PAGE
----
The ISIS Effect

The ISIS Effect
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Today is the three week anniversary of the terror attack in San Bernardino, Calif., by radical Islamists that claimed 14 innocent lives and injured 22 others -- the deadliest terrorist strike on American soil since September 11, 2001. It's also the day that we received yet another poll of the 2016 Republican nomination race showing Donald Trump dominating the field, outpacing his nearest competitor by more than 20 points.

The dramatic infusion of terrorism and national security into the contest in recent weeks has transformed the race for president, particularly on the Republican side. Trump, with his tough talk about "bombing the hell out of ISIS" and his call for a temporary ban on Muslim immigration to the United States, is not the only beneficiary of the "ISIS Effect." Ted Cruz, who has repeatedly said as president he would "carpet bomb" ISIS territory until "the sand glows," has also seen his numbers rise, as has Chris Christie, who in the last debate stressed his experience in prosecuting Islamic terrorists after 9/11.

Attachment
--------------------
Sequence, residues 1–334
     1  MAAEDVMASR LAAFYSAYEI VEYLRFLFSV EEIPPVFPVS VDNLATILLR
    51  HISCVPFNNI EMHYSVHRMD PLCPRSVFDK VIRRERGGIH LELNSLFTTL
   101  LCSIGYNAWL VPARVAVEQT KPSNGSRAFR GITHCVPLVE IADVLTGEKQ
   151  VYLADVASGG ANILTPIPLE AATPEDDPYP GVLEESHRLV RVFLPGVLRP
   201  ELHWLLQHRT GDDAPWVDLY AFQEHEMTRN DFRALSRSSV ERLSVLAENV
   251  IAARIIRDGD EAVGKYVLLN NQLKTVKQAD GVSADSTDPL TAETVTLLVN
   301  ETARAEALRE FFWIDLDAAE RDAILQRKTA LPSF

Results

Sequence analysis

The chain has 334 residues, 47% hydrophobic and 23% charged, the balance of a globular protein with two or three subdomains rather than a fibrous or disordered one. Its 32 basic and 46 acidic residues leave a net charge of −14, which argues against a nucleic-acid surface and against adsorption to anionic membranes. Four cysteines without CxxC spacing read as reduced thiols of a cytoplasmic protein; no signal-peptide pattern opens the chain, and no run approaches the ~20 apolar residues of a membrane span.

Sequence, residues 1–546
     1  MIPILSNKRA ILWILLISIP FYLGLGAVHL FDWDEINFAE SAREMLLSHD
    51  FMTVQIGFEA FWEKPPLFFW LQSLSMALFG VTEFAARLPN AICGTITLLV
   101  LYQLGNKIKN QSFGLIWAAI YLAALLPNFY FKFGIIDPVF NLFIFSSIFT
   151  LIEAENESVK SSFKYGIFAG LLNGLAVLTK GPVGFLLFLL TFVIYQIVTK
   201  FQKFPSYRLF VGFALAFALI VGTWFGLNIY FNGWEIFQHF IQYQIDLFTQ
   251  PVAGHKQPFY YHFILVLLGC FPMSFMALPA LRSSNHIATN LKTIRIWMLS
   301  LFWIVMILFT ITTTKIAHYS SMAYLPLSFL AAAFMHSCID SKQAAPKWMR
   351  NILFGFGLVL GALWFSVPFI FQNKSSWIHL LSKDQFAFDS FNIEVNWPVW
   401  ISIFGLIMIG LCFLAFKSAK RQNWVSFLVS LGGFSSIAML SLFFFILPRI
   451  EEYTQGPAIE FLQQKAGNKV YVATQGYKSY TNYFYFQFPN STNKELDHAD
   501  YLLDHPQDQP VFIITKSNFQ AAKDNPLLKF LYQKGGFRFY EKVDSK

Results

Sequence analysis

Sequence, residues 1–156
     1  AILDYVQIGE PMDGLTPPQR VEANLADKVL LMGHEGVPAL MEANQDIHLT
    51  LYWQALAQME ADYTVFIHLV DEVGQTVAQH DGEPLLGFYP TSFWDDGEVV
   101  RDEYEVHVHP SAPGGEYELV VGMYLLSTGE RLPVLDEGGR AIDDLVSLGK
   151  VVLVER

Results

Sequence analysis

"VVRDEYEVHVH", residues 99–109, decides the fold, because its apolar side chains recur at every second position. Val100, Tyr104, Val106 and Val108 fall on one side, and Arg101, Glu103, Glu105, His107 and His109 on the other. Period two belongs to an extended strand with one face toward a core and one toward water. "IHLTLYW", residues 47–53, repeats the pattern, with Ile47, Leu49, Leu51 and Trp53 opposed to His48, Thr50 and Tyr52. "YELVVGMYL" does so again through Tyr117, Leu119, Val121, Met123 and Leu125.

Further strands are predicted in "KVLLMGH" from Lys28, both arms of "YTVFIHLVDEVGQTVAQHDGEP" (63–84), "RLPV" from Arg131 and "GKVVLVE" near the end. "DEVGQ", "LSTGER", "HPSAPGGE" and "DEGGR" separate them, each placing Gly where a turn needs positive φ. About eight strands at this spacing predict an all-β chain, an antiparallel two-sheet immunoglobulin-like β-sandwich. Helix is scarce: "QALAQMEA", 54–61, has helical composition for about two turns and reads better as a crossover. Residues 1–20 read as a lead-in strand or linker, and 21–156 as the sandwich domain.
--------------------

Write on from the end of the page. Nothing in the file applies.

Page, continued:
In short, the Republican candidates who have been able to project strength in the wake of the twin terror attacks in Paris and California have gained support, while those candidates whose stance on national security has seemed insufficiently muscular have suffered. 

To put the ISIS effect into more relief, here's a look at how the top six Republican candidates' standing in the RCP national polling average has changed since the terror attacks in Paris on Nov. 13.  


Tom Bevan is the Co-Founder & Publisher of RealClearPolitics and the co-author of Election 2012: A Time for Choosing. Email:, Twitter: @TomBevanRCP

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